Updated: Dec 17, 2019
"Probable cause" is a term you've probably heard before. But do you know what it means or how it can impact you in terms of law enforcement and the legal system? It's important to know your rights when it comes to this complex issue.
Probable Cause Defined Probable cause is a requirement of the Fourth Amendment, which protects individuals from unreasonable searches and seizures by the government. Law enforcement can acquire a warrant, conduct a search or make an arrest if adequate facts or evidence would lead a reasonable individual to believe the person of interest has committed a crime.
A police officer must gather facts to support their suspicions before performing a search or making an arrest. These facts can be obtained via observation, expertise, information, circumstantial evidence or your consent.
Probable Cause and the Supreme Court In the case of Terry v. Ohio (1968), a police officer searched three suspicious men outside of a jewelry store, suspecting they were planning a robbery. The defendants were convicted and later appealed, claiming the search violated their Fourth Amendment rights. However, the Supreme Court ruled that the police officer in question did have a "reasonable suspicion" to pat down the suspects for weapons.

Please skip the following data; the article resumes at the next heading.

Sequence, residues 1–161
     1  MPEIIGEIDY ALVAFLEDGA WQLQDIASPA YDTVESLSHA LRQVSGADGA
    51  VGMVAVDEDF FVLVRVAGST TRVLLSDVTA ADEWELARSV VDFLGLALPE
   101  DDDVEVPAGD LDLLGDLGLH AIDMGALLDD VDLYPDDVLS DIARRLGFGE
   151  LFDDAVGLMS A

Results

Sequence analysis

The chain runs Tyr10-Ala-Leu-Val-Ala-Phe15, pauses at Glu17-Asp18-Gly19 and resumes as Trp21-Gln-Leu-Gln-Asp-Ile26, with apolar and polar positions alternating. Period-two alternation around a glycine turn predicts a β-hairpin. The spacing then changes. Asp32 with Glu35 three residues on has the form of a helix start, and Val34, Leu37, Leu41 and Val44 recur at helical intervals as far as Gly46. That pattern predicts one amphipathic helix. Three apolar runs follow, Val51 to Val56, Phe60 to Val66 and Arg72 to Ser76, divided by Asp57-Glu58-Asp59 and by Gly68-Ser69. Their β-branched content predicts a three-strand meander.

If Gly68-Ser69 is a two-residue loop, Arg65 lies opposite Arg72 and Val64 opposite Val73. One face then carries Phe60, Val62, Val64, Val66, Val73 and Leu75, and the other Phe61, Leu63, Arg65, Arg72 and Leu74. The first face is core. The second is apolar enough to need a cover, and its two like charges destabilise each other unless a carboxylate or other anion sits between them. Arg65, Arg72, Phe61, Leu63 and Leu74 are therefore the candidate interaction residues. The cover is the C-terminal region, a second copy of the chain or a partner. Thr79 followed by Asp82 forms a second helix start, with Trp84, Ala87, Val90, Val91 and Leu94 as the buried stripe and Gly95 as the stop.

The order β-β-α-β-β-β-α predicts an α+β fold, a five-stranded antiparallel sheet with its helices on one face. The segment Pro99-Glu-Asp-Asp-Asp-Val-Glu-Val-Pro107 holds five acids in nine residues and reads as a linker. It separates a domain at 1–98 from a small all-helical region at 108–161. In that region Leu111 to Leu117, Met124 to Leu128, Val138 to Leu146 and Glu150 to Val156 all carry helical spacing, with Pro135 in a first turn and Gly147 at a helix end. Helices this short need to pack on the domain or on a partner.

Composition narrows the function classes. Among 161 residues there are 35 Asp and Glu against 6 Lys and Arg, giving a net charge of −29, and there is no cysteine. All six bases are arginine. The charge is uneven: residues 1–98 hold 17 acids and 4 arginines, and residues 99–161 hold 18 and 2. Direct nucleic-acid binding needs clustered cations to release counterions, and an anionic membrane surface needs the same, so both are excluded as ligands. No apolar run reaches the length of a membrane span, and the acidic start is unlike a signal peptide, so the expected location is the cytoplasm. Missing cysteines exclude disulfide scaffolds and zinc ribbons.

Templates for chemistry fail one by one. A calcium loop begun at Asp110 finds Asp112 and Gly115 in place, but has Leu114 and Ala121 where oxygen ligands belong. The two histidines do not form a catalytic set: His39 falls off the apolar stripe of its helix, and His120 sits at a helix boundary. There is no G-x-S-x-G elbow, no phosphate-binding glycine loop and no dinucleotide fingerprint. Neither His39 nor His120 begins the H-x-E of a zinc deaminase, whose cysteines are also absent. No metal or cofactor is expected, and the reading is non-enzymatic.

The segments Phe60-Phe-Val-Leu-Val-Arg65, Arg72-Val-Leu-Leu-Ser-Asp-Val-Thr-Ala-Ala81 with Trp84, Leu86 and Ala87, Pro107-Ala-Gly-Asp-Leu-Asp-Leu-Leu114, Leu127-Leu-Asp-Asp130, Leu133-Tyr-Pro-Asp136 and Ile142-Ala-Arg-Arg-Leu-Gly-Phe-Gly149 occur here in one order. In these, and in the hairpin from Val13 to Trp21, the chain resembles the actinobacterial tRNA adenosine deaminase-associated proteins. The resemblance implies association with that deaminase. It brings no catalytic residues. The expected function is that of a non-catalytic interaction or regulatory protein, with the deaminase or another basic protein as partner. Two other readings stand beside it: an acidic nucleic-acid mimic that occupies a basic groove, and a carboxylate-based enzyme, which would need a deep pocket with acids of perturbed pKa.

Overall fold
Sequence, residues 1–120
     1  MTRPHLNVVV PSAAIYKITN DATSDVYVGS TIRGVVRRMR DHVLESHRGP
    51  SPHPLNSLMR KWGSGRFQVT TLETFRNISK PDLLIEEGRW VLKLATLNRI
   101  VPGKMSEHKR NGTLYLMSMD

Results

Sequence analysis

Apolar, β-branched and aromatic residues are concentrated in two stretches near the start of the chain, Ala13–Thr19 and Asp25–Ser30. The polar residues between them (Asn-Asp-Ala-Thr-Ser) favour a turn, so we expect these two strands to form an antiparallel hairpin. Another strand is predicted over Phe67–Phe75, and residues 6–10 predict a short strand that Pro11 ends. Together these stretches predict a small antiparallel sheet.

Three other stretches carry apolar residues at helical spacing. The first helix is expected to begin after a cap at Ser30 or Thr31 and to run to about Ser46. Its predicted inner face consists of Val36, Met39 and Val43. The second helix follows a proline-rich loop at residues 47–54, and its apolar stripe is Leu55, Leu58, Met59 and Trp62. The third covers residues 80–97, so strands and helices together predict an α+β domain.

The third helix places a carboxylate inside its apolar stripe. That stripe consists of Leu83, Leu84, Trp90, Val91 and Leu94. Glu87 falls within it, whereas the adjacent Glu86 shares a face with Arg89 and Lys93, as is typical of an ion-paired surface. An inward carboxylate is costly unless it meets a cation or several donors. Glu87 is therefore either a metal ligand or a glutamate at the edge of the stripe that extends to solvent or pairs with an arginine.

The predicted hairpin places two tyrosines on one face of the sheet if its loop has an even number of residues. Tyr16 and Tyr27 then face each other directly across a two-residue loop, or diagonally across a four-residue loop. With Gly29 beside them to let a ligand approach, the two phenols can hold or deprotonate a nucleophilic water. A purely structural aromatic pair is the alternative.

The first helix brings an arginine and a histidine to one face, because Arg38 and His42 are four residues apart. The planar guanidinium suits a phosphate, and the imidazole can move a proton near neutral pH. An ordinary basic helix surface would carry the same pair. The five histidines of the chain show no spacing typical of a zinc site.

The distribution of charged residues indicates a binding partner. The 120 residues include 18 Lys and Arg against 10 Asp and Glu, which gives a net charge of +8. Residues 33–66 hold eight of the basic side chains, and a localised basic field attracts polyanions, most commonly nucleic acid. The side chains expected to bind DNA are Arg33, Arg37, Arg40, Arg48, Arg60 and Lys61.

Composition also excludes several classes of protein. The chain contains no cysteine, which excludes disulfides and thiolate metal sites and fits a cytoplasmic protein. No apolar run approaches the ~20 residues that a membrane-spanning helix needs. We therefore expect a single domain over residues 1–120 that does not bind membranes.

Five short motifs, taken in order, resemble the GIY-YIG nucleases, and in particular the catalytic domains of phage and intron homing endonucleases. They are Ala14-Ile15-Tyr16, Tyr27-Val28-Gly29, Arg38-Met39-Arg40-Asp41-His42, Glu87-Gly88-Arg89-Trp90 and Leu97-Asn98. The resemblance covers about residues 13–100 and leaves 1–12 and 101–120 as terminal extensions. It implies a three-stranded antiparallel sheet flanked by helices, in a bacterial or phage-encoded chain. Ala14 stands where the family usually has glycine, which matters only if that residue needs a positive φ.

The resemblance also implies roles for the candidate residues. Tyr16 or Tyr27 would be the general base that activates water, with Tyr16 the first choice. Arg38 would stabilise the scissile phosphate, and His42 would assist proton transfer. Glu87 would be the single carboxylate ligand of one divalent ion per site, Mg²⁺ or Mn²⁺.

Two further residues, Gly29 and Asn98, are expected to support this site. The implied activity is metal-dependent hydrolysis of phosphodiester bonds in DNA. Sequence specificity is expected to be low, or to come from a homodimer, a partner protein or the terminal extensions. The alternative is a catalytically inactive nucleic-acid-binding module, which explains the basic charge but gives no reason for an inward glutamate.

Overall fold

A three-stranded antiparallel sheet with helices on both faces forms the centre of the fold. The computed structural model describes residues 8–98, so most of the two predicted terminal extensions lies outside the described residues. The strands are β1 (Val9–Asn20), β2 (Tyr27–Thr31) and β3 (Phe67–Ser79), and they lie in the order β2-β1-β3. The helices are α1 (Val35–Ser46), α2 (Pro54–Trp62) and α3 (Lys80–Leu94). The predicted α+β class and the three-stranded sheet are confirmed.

Probable Cause in the News Advances in cellphone technology have added a new dimension to the issue of privacy and probable cause. Should search warrants be required before police officers can gain access to cellphone location data? That's a question the Supreme Court will soon answer.
There's also misunderstanding concerning the amount of power Customs and Border Protection officers have at airports and checkpoints. You can be searched at the border without probable cause or reasonable suspicion, even if you are a U.S. citizen.
Whether you're stopped for a routine traffic violation or held up at an international border, knowing your rights can help you react accordingly. Stay informed.